Wednesday, September 19, 2007

Writing Home

If he had been born eleven years later, I might’ve seen Jonathan Franzen across a football field on a brisk Thanksgiving morning. He would’ve been difficult to detect amongst the orange and black pompoms and face paint, but maybe the readable expression of distaste teasing his features would’ve distinguished him.

I’m being presumptive, but I don’t think Franzen attended the Webster Groves/Kirkwood High School Turkey Day Game in 1998, a yearly standoff between suburban rivals drawing generations of Statesmen and Pioneers. His fictional character, Martin Probst, did and took pleasuring in feeling both “anonymous and secure.” That’s not how I felt. I was adorned from waist to neck in red and white paint. I was the P and I knew where to stand, but, maybe like Franzen, I felt less certain about myself than my spirit.

I didn’t know that Jonathan Franzen grew up no more than ten miles from my parent’s home until a few years after I read The Corrections, a novel about a family in distress, for which he won the 2001 National Book Award. The book had come to me recommended and had gained an allure of controversy when Oprah Winfrey cut it from her cannon in response to the author’s disparagement of her club members. The story shifts its close third-person perspective between each uniquely funny and dependably tragic Lambert, cultivating enough entertainment and insight to make for an excellent read.

Franzen wasn’t much more than another impressive figure in a long lineup of writers whose work seems to inspire and dishearten my own ambitions in equal measure, until I read his first novel, The Twenty-Seventh City.

As is often the case when I’m bookshop browsing without a title in my sights, I bought the book because of its cover. There it was—that glorious monument that seems to overshadow all other aspects of our city’s identity: the Arch. Reading that novel was like discovering that the first eighteen years of my life had been secretly filmed, then spliced with visions of car bombs, civic unrest, surveillance and sex. It was awesome.

After Franzen finished reading from his most recent work, The Discomfort Zone, at the St. Louis County Library last Saturday, I asked him (nauseous with public speaking anxiety) if he thought the premise of his first novel, that an Indian woman could assume a politically powerful role as police chief of St. Louis City, was absurd. I wanted him to admit to a personally gratifying fantasy exploration or deep suspicions and elaborate theories regarding the St. Louis underworld. To my momentary disappointment, he said it was the former.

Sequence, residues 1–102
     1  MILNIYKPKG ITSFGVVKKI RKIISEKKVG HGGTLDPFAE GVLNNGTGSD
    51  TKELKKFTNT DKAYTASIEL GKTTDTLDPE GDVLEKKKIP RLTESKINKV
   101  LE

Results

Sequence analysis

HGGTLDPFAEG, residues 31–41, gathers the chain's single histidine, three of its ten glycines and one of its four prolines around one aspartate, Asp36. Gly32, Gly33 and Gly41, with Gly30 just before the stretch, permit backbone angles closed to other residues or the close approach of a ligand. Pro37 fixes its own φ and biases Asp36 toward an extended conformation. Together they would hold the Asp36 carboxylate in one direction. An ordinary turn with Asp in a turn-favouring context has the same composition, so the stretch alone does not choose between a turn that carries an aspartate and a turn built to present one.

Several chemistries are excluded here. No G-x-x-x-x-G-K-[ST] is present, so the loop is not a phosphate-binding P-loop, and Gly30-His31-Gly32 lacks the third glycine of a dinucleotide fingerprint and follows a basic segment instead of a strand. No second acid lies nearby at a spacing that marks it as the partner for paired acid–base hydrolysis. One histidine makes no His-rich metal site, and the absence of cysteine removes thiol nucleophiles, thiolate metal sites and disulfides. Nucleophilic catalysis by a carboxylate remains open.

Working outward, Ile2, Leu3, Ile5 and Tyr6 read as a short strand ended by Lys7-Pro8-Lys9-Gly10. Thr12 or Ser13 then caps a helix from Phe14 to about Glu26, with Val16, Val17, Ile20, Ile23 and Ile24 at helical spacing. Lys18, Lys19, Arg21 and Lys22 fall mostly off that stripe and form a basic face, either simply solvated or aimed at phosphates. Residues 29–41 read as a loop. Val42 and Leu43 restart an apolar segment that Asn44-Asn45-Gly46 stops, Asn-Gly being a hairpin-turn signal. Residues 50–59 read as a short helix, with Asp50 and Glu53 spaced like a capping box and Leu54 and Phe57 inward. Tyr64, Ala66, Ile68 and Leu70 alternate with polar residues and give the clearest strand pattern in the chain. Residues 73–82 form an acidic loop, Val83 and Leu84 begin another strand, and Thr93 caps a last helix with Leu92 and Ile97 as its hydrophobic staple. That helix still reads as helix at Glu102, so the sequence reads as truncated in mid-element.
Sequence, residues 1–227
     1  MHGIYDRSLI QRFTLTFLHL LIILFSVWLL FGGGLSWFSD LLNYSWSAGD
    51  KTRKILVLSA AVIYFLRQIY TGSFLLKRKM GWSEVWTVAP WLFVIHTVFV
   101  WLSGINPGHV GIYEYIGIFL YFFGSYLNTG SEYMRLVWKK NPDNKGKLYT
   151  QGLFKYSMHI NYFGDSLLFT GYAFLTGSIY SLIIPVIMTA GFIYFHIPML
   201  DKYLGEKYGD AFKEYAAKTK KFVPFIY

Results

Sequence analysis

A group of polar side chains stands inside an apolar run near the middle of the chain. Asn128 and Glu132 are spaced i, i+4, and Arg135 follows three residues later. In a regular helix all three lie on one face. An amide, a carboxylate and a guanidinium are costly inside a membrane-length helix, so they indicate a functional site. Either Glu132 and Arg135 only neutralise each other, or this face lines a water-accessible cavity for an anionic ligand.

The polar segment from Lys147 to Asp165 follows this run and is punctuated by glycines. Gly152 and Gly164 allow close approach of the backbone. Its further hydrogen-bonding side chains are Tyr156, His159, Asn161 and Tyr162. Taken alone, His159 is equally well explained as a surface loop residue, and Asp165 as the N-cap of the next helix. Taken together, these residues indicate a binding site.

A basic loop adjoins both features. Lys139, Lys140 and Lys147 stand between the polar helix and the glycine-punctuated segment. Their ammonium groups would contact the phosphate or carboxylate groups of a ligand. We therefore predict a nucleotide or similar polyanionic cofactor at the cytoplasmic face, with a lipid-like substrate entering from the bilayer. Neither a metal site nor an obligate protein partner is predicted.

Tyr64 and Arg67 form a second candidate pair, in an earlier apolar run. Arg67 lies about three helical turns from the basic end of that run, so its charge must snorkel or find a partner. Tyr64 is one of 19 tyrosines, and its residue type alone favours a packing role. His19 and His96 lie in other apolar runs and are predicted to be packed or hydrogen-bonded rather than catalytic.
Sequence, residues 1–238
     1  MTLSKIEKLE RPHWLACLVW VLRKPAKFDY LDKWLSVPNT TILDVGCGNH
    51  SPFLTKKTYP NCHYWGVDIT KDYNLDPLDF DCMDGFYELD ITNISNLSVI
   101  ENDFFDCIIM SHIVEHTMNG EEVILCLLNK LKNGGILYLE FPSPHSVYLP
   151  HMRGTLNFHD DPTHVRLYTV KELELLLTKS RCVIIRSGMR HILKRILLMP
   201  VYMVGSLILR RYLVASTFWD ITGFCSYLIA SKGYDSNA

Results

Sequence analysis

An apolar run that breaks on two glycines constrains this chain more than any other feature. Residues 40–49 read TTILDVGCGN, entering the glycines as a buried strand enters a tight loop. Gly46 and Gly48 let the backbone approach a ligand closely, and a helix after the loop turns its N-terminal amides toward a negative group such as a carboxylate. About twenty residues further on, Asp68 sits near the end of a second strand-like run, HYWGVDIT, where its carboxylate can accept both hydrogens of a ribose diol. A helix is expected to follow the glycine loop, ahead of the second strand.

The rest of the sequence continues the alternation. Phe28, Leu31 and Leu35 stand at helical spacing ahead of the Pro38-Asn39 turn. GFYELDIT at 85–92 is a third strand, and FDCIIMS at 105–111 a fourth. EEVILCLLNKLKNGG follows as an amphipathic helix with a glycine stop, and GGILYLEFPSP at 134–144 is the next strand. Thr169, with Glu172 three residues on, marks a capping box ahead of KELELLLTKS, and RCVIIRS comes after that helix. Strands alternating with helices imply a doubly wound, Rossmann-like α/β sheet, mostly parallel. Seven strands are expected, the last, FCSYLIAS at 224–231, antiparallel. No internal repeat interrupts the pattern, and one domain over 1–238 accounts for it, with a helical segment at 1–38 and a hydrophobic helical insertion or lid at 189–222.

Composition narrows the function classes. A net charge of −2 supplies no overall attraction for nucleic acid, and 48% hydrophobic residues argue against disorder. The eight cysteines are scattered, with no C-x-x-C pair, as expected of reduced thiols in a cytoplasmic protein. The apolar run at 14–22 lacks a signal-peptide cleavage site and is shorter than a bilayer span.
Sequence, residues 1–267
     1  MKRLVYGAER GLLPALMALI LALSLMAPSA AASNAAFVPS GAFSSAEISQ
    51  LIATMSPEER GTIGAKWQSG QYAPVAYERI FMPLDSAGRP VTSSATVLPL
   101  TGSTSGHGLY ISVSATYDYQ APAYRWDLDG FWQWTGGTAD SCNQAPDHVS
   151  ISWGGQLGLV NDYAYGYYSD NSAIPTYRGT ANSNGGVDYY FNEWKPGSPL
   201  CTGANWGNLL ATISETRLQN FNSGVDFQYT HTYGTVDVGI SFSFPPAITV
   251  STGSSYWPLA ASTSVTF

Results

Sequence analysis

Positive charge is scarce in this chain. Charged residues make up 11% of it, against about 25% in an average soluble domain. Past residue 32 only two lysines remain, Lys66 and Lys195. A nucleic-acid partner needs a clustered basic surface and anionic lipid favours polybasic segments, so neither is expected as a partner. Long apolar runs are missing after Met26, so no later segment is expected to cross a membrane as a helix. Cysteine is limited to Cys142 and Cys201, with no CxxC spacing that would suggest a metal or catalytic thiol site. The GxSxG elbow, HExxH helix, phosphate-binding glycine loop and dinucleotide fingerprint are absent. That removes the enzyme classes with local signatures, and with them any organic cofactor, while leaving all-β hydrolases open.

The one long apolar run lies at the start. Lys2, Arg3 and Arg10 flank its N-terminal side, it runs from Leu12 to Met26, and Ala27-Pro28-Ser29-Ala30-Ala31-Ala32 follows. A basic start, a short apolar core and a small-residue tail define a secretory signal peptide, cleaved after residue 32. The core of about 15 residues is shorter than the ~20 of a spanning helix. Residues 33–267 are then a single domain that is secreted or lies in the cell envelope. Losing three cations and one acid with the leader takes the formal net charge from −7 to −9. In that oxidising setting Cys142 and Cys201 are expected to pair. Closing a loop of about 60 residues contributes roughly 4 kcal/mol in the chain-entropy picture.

“Back then I was lucky enough to not know what I was doing, which makes it so much easier to write books. To not be able to see why you’re attracted to a subject.”

“It’s about somebody from the East going back to St. Louis and invading the place and trying to wrench some kind of story out of it.”

“I had a quiet childhood here in many ways. You know my parents did not hurt me. They had their problems as people, but they tried their best as parents and they were pretty good. And one of the reasons we were where we were was to protect me from anything really interesting. The whole premise of living at Webster Woods was—make sure nothing you would want to write a novel about will ever happen here.”

But as a setting and even a subject, St. Louis provided Franzen with a compelling framework, larger than his own relationship to the landscape of home. In the novel, he addresses the city’s disastrous succession from St. Louis Country and the brokering of power illustrated in a fictional real estate scandal that bears resemblance to a controversy embattling Northside neighborhoods today.

“I thought it was an interesting place and I thought it was, the city itself, a tragic city in many ways; that it had fallen harder, in a more humiliating fashion than a lot of other big American cities.”

The Discomfort Zone seems to have provided Franzen with an opportunity to again consider the world he grew up in without the posture and distance of fiction. The book riffs a bit oddly on his appreciation for the comic strip, Peanuts, and a consuming obsession with birding (as in he has identified 590 species of birds all over North America), but it does so with candor that is both ugly and stunning, funny and familiar.